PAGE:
Good communication is very pertinent to the success of a project. This is because both the Client and the Performer need to fully understand the project, and a document that helps do this is the ‘Creative Brief‘. It’s a document that highlights all the essential element and detail of the project.
According to an article I read on Upwork, here are the 10 things to consider when writing a creative brief.
10 things to consider in your creative brief
1. Describe your company
Provide context and background information on your company to help the designer or creative team get a better understanding of your business. Who are you and what services and/or products do you offer? Include links to your website and any other background material that might be helpful.
2. Summarize the project
What is the project? And why do you need it? Do you need a corporate identity kit for your new company? Are you refreshing your company’s Facebook and Twitter pages for a new season? Describe what the project is, what it entails, and why you’re doing it.
3. Explain your objectives
This is probably the most important part of the brief, and it’s essential that you think through your strategy and objectives completely before you get the project underway. Why do you need this project? What are you hoping to achieve with it? What are your goals? Is there a problem you’re trying to solve? How will you measure success? For example, if you’re developing an eBook, you might measure success by the number of downloads. These details will help the designer understand your goals and come up with solutions that address them.
4. Define your target audience
Who’s your customer? Who are you trying to reach with this project or campaign? Share demographic information about who they are and any behavioral insights you may have on them.
5. Outline the deliverables you need
Do you need a one-page brochure? A batch of 10 banner ads? A logo for print, just for the web, or for both? Be sure to include the file formats you need (i.e., JPG, PNG, PSD), size information (i.e., 300×250 pixels), and any other important details needed to deliver the right assets.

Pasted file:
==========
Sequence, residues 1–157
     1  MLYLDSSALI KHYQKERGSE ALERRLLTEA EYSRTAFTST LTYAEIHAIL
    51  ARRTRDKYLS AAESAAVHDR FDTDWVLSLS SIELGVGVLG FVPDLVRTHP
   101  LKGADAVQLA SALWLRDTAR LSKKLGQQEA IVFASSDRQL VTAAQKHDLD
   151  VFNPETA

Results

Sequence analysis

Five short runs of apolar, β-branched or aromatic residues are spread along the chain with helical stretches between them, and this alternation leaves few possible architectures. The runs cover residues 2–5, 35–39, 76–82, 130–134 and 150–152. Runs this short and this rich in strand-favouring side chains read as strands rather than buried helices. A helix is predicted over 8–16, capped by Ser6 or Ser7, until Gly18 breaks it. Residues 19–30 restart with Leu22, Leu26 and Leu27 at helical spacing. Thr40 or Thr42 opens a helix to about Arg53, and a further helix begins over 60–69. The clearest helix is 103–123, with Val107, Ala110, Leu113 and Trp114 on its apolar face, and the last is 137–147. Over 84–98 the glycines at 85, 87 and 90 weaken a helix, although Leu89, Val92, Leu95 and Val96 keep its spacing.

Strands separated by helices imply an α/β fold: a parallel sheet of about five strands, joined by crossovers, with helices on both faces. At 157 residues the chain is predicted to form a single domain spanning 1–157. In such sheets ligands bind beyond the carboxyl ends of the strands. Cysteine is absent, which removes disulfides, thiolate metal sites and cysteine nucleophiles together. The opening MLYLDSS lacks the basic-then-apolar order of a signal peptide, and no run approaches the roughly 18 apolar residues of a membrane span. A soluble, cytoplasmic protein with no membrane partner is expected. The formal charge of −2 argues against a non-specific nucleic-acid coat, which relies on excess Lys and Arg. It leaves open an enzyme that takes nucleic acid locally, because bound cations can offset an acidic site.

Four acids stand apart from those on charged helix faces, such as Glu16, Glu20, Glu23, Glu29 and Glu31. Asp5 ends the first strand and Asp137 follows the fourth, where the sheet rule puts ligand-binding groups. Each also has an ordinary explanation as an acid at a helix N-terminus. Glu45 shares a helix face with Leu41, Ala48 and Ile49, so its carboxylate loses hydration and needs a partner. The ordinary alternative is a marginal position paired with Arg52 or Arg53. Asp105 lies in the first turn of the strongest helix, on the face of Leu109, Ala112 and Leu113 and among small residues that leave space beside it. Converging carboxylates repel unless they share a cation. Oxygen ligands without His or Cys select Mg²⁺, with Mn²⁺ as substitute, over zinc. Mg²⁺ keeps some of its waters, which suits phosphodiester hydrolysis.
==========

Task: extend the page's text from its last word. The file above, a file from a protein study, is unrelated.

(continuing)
6. IDENTIFY YOUR COMPETITION
Who are your competitors? You may want to include an overview of the competitive landscape and any trends or market conditions impacting your industry. For this project, what are your competitors doing as a point of comparison and as a point of differentiation? For example, if you’re refreshing your logo, what types of logos and colors do your competitors use? These details can greatly help inform the direction the designer will go in (they’ll do additional research as well). You can also include a few examples of designs you like or don’t like.
7. Include details on the tone, message, and style
The style and tone should be consistent with your brand and will also hinge on what the project is, what you’re trying to achieve, and what action you want your customers to take. To help inform the messaging and ensure it aligns with your objectives, be sure to include your strategic positioning and the key messages that need to be addressed. For example, if you’re creating a landing page for a contest, you’d probably want the messaging and design to be lively and fun to inspire people to enter. If you’re developing an annual report, you’d most likely want something that looks and sounds more formal and professional to instill trust and confidence. If you have a brand style guide or examples of past campaigns or related projects, be sure to share them with your designer. And also provide any other factors or requirements that might affect the creative direction.
8. Provide the timing
If you have a timeline in mind for your project, include it in the brief. During your kickoff meeting or initial conversations with your designer, make sure to discuss the timeline and agree upon a completion date. It’s also a good idea to talk about the overall creative process and discuss if edits and how many rounds of them are possible and whether or not they’re included if it’s a fixed-price contract.
9. Specify your budget
If you have a set budget for the project (which is often the case), include it in the brief and discuss it with your designer. If the designer’s estimate exceeds your budget, talk it over and agree upon realistic expectations, deliverables, and project costs before getting started.
10. List the key stakeholders
If other people on your team or within your organization need to be included in the review process, provide their contact information. You can also include how you’d like to receive deliverables and provide feedback. On Upwork, the Messages tool makes it easy to communicate and share files.
By thinking through and elaborating on these 10 key aspects of your business and project, you’ll be able to produce a creative brief that’s not only thorough but also effective. With a solid creative brief in hand, you’ll help the designer deliver great results and ensure your project delivers the results your business needs.
And should Incase you have any question, don’t hesitate to use the comment box below.